Predictive algorithms are part of the load/store or fetch units
    ,which the dcache and icache are part, but I wouldn't say any
    prefetching was part of the cache, per se. Caches are pretty dumb.

    Sorta like saying the multiply algorithm is part of the register
    file...
     
    krw, Aug 6, 2006
    #9
  10. How much impact would something like a wider execution path make? This is
    coming from someone who is more of a layman than anything else when it comes
    to the specifics of how CPU's actually perform their duties, so I'm asking
    out of curiosity. Having read an analysis off of the anandtech website, one
    of the key architectural changes they point out is how much wider the Core 2
    is compared to a PIII/P4/Ahtlon64. Core 2, for instance, is the only core
    among those that can execute 128bit SSE instructions in a single cycle. Is
    this the type of thing that might add up to create a real impact?

    Carlo
     
    Carlo Razzeto, Aug 6, 2006
    #10
  11. YKhan

    Yousuf Khan Guest

    I'm sure it helps during SSE instructions. Can't see it being a big part
    of the equation though, just like SSE itself isn't a big part of programs.

    Yousuf Khan
     
    Yousuf Khan, Aug 6, 2006
    #11
  12. YKhan

    Tony Hill Guest

    AMD has chips with 2MB of cache (2 x 1MB) and so does Intel. Intel
    chips are MUCH faster, clock for clock, when compared with equal
    quantities of cache.
    How about the fact that Intel has 4 instruction decoders to AMD's 3,
    an extra LOAD/STORE unit, 3 fully pipelined SSE units vs. K8's 2
    partially pipelined, more and better branch predictors, much larger
    TLBs, larger OoO reorder buffer, more advanced scheduler... to name a
    few. And that's entirely separate from the better data prefetching
    and greater cache bandwidth that, as you mentioned in another message,
    are all related to cache.

    Besides, we don't really know how much macro-op fusion really is
    helping since we haven't seen any apples to apples comparison. 32-bit
    with macro-op fusion vs. 64-bit without it doesn't really help, even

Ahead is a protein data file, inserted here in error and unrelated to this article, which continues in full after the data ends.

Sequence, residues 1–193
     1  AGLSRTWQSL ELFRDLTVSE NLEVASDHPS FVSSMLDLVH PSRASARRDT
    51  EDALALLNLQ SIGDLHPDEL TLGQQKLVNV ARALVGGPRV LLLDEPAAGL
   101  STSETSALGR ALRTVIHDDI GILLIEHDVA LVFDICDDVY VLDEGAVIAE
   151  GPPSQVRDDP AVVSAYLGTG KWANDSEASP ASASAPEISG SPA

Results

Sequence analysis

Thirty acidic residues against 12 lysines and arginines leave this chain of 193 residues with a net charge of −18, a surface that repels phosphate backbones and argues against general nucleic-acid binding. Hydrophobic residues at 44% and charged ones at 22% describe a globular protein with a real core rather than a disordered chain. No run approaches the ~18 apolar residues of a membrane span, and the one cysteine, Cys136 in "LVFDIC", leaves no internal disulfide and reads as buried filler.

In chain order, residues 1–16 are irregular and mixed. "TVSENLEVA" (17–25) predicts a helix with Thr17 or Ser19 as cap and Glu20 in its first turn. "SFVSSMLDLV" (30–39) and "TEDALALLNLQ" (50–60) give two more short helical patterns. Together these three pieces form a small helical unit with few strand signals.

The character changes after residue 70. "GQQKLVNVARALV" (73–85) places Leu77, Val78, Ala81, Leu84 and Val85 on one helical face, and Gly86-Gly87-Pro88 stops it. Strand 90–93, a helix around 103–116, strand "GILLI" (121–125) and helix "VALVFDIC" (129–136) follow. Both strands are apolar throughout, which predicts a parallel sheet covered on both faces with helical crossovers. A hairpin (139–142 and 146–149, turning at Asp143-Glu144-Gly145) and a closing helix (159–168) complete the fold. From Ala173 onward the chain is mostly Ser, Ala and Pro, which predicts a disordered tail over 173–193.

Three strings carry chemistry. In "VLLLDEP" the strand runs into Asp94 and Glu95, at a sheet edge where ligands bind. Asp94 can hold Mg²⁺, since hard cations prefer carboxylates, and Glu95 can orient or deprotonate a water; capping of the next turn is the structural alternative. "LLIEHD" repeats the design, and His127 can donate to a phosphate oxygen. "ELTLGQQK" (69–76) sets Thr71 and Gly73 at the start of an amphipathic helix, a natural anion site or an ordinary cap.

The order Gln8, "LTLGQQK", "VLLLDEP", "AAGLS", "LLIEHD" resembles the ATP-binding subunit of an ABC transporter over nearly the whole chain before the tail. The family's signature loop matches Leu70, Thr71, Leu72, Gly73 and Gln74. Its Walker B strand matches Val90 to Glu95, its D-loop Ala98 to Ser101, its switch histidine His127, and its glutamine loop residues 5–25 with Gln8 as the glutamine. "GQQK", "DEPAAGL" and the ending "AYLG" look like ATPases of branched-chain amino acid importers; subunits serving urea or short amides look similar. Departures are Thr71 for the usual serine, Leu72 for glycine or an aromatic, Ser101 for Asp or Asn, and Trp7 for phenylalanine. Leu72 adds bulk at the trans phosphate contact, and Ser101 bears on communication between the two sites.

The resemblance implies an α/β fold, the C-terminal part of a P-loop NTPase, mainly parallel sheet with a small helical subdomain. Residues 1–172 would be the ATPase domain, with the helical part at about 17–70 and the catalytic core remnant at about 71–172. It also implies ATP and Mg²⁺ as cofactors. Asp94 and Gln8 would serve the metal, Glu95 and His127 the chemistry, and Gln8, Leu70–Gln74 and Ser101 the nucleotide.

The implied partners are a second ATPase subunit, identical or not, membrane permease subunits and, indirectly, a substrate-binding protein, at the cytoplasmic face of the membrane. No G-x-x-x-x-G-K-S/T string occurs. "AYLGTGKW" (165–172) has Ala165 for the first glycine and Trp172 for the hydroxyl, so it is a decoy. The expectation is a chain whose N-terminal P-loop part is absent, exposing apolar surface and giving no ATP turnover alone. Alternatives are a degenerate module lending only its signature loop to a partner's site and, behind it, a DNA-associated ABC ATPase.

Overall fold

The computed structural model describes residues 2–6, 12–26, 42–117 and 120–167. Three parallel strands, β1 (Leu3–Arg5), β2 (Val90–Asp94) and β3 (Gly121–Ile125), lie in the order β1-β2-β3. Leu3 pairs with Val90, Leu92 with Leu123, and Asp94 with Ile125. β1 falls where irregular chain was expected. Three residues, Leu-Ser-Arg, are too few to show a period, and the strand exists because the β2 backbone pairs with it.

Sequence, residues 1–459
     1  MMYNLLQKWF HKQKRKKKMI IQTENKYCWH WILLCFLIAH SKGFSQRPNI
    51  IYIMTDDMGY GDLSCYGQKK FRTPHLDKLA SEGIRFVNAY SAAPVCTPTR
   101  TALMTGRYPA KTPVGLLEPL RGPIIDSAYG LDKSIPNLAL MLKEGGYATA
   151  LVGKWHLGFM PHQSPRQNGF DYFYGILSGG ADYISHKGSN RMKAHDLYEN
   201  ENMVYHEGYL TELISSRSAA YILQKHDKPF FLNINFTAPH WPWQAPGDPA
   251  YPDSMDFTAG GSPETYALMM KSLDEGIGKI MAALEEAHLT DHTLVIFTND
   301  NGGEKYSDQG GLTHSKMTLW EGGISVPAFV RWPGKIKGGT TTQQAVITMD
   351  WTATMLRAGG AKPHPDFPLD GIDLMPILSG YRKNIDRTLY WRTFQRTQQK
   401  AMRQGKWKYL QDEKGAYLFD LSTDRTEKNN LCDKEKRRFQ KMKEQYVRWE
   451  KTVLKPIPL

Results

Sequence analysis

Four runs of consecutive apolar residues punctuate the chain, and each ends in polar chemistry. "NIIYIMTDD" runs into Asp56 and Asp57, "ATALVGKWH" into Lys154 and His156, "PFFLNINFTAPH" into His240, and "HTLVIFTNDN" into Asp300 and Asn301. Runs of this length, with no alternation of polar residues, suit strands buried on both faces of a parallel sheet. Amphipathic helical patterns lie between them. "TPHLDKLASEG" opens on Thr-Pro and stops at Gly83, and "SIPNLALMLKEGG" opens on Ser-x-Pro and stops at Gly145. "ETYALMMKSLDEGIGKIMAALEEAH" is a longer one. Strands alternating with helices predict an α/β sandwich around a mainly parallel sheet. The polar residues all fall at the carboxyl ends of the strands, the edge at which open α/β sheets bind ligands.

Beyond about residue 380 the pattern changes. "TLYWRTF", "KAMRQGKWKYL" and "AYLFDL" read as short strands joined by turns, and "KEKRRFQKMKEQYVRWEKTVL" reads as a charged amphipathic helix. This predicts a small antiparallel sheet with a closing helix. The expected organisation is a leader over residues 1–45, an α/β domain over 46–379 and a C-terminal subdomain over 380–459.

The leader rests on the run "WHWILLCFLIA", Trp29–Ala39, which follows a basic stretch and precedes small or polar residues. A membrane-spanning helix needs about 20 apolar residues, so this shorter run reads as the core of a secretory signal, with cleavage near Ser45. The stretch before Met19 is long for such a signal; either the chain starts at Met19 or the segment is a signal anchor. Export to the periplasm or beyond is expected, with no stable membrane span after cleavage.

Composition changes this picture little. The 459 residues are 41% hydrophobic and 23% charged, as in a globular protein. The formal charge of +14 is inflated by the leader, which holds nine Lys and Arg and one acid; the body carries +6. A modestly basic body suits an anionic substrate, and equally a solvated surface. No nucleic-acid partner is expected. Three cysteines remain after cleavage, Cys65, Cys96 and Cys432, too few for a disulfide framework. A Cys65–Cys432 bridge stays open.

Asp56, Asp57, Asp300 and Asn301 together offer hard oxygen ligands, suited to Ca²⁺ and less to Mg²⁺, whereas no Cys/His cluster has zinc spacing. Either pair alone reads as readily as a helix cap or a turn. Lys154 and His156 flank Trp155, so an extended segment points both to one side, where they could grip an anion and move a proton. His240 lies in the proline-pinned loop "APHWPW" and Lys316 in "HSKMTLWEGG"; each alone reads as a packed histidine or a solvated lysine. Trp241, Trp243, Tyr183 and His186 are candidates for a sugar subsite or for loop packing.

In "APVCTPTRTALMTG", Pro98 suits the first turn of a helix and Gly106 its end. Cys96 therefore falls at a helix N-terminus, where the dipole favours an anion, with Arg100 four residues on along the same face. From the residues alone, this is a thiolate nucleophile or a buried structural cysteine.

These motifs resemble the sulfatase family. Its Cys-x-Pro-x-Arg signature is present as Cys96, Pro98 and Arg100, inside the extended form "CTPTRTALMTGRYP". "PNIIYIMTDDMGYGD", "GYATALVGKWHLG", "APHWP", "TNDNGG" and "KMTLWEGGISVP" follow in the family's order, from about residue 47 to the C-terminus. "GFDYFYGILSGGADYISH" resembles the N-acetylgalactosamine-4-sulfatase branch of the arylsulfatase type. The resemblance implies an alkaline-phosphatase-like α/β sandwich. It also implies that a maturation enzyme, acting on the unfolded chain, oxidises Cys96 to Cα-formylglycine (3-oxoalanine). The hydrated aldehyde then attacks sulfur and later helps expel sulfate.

if only relative to AMD's 32-bit vs. 64-bit numbers. Intel might have
    just done a better implementation of 64-bit x86 (AMD's K8 does have a
    compromise or two in 64-bit mode as well) and that made up for the
    loss in performance from Macro-op Fusion.

    Long story short, there is a LOT more to the Core architecture than
    just cache. Other than the integrated memory controller, Core is a
    more advanced chip start to finish when compared to AMD's K8.
    Fortunately for AMD, most of these advantages are incremental in
    nature and their more modular K8L design could theoretically allow
    them to phase such features into future processors.
     
    Tony Hill, Aug 9, 2006
    #12
  13. I think what Yousuf is getting at is that in a single task benchmark
    situation, you have 4MB of L2 cache for that single task, multithreaded or
    not.
    Looking back, it's not often that inner core microarchitecture tweaks have
    yielded that much performance benefit. To me there are two clues here:

    1) The fact that there are benchmarks where C2D shows near-zero benefit vs.
    AMD64 points to the memory/cache subsytem and how it's manipulated as the
    important provider of performance in the other benchmarks where C2D wins
    handily. In particular, when disambiguation "hits", it hits *big*; when it
    "misses", the penalty drags performance back down. When it "hits", it
    depends heavily on the large cache and associativity to avoid thrashing.

    2) The ridiculous C2D "latency" measurements being published, all using the
    same chipset where a P4 is a latency dog, are an indication that
    speculation on stride size and Load/Store re-ordering make a *huge*
    contribution to performance. Of course what this really means is that the
    current latency benchmark is obsolete but it makes no sense that a system
    with FSB, where the real round-trip latency is illustrated by the P4
    measurements, can beat a system with an on-board memory controller. Again,
    without the large L2 cache, the strategy would fall down.
    "Incremental" is correct.;-)
     
    George Macdonald, Aug 10, 2006
    #13